Since 2008, the first game of each season played at the Melbourne Cricket Ground has been played between Carlton and Richmond on a Thursday night early in the season. A record crowd of 94,690 attended the 2013 Elimination Final between these two traditional rivals. It was the largest crowd for the 2013 season excluding the grand final, and the largest week one finals crowd since 1972.[3] Carlton has also received more finals losses (16) to Richmond than any other team. Richmond has also inflicted a total of four grand final losses on Carlton (1921, 1932, 1969 and 1973). Carlton has only beaten Richmond in two grand finals (1972 and 1982).[4]

Essendon v Collingwood[edit]

See also: Anzac Day clash

Since 1995, the rivalry has been defined by the Anzac Day clash, a match generally draws a crowd in excess of 90,000. The inaugural Anzac Day Clash in 1995 was famously drawn, the 2009 match was won by Essendon in the final minute with a goal from youngster David Zaharakis, and the 2012 match was won by Collingwood by one point after Jarryd Blair's game-winning goal was reviewed by video replay before being awarded.[5]

Essendon v Richmond[edit]

A rivalry born out of the fact that the two clubs are both part of the "Big 4" clubs in Melbourne as the highly supported teams. Since 2005, Essendon and Richmond have contested the annual Dreamtime at the 'G match, a celebration of Aboriginal players and their contribution to the league, typically held near the midway point of the season.

North Melbourne v Hawthorn[edit]

Both teams entered the VFL in the 1925 expansion, and were generally unsuccessful through the first few decades, but the two teams were both very strong through the 1970s, sparking a rivalry between the clubs. The clubs played three Grand Finals against each other in four years, with North Melbourne winning their first ever premiership in 1975 by 55 points, Hawthorn winning in 1976 by five goals, and Hawthorn winning in 1978 by three goals.

Hawthorn v Geelong[edit]

The rivalry between Hawthorn and Geelong is defined by two Grand Finals: those of 1989 and 2008. In the 1989 Grand Final, Geelong played the man, resulting in major injuries for several Hawks players, Mark Yeates knocking out Dermott Brereton at the opening bounce; Hawthorn controlled the game, leading by approximately 40 points for most of the match; in the last quarter, Geelong almost managed to come from behind to win, but fell short by six points. In 2008 Grand Final, Geelong was the heavily backed favourite and had lost only one match for the season, but Hawthorn upset Geelong by 26 points; Geelong won its next eleven matches against Hawthorn over the following five years, under a curse, which was dubbed the "Kennett curse" which was attributed to disrespectful comments made by Hawthorn president Jeff Kennett following the 2008 Grand Final. It was later revealed that after the 2008 grand final, Paul Chapman initiated a pact between other Geelong players to never lose to Hawthorn again. The curse was broken in a preliminary final in 2013, after Paul Chapman played his final match for Geelong the previous week.[6]

Essendon v North Melbourne[edit]

Essendon and North Melbourne were both strong in the latter part of the 1990s and early 2000s, and built a rivalry during that time. The defining moment of this rivalry came in Round 16 of 2001, when Essendon came from 69 points down in the second quarter to win by 12 points. Essendon and North Melbourne have played in one Grand Final, in 1950, which Essendon won by 38 points.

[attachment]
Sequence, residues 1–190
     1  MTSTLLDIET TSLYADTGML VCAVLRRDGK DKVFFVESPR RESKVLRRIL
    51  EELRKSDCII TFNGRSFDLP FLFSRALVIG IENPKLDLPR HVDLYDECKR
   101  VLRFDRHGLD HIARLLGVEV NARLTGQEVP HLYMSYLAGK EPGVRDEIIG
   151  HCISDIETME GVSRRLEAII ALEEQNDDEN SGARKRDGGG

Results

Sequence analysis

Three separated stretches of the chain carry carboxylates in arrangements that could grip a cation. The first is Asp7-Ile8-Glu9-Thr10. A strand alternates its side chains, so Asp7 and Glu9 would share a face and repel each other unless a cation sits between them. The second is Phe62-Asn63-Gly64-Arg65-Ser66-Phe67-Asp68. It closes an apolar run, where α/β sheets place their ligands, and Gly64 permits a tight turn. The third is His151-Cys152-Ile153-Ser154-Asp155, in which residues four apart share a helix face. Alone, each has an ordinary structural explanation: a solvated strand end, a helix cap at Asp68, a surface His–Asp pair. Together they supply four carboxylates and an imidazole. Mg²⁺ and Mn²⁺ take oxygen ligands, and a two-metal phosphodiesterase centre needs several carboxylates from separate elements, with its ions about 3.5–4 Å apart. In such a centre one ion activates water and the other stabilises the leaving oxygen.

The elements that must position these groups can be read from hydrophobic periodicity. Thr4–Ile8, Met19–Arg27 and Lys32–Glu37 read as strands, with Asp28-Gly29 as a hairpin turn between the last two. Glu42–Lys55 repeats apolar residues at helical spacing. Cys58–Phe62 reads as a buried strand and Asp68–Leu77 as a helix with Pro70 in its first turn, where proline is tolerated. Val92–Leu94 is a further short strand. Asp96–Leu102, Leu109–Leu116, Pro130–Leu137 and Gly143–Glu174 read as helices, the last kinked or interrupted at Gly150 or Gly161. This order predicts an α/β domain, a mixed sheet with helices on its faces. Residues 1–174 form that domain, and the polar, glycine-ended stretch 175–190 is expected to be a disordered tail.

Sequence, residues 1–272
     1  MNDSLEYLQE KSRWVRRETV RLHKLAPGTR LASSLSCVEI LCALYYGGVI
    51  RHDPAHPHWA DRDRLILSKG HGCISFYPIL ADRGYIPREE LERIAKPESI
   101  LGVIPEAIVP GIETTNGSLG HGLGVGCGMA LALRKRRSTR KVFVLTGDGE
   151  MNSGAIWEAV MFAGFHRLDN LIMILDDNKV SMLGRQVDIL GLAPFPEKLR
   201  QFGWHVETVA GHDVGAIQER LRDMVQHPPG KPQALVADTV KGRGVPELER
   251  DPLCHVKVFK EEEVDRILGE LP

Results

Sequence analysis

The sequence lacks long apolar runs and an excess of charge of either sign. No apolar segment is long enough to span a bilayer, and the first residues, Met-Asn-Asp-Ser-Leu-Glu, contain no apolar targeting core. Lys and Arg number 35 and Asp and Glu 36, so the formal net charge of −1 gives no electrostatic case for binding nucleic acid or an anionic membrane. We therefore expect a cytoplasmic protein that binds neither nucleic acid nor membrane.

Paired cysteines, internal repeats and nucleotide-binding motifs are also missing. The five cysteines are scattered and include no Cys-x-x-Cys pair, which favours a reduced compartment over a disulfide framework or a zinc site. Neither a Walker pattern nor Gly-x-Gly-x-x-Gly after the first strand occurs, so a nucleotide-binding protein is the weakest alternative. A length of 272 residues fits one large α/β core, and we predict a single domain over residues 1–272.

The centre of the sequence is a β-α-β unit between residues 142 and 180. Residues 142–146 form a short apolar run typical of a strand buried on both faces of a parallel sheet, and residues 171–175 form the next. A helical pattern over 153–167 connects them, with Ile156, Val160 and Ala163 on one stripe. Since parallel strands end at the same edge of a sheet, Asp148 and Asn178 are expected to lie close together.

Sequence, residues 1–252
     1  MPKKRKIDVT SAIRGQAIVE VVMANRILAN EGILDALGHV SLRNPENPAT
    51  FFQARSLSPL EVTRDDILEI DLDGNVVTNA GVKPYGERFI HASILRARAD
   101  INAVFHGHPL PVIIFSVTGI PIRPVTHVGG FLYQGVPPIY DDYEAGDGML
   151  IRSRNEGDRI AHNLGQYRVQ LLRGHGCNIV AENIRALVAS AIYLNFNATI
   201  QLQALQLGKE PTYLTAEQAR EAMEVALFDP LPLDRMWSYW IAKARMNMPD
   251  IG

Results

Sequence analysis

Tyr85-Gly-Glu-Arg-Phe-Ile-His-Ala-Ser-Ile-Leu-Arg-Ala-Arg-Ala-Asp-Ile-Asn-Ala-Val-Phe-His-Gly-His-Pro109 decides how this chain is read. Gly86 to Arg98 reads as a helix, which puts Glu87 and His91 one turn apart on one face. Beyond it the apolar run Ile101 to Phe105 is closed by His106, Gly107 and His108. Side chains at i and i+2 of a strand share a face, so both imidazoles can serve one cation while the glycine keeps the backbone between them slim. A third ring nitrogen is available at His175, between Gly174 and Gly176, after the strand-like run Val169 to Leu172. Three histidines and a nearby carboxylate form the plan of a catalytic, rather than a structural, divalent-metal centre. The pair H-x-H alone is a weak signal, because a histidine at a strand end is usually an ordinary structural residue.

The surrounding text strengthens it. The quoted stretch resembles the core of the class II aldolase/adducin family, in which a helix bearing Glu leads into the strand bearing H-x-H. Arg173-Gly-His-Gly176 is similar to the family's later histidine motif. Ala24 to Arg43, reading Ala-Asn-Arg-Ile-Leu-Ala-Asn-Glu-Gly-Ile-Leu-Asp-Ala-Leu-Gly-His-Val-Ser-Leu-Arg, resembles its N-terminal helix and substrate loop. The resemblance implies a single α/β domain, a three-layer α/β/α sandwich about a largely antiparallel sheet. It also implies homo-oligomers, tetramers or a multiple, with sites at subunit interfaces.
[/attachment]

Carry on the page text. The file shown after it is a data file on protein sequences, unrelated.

Collingwood v Geelong[edit]

Geelong won their first flag in 1925 over Collingwood, in 1930 Collingwood defeated Geelong in the grand final making it four flags in-a-row for the Pies. Geelong would later deny Collingwood three successive premierships in 1937, winning a famous grand final by 32 points.

The two sides played against each other in 6 finals between 1951 and 1955, including the 1952 Grand Final when Geelong easily beat Collingwood by 46 points. In 1953, Collingwood ended Geelong's record 23-game winning streak in the home and away season, and later defeated them by 12 points in the grand final, denying the Cats a third successive premiership.

Since 2007, the clubs have again both been at the top of the ladder and have met regularly in finals. Geelong won a memorable preliminary final by five points on their way to their first flag in 44 years. In 2008, Collingwood inflicted Geelong's only home-and-away loss, by a massive 86 points, but the teams did not meet in the finals. They would meet in preliminary finals in 2009 and 2010, each winning one en route to a premiership. They finally met in a Grand Final in 2011, which Geelong won by 38 points; Geelong inflicted Collingwood's only three losses for the 2011 season.[7]

Local derbies[edit]

There are four 'local derbies' in the AFL, with each of the clubs competing against their cross-town rivals at least twice every year.

West Coast v Fremantle[edit]

Main article: Western Derby

The two Western Australian-based teams contest the Western Derby. The West Coast Eagles won the first nine derbies, stretching from the inaugural derby in May 1995 until July 1999, but the Fremantle Dockers managed a seven match consecutive winning streak in derby matches, commencing in August 2007 and ending in May 2011. Of the 42 derbies played, West Coast holds a 22–20 advantage. The best performed player in each Western Derby is awarded the Ross Glendinning Medal.

Adelaide v Port Adelaide[edit]

Main article: Showdown (AFL)

The two Adelaide-based teams, the Adelaide Crows and the Port Adelaide Power, contest the Showdown. The first showdown occurred in April 1997, following the introduction of Port Adelaide into the league that year. Of the 42 Showdowns that have been contested, the head-to-head win count is tied at 21-21. The best performed player in each showdown is awarded the Showdown Medal.

Brisbane Lions v Gold Coast[edit]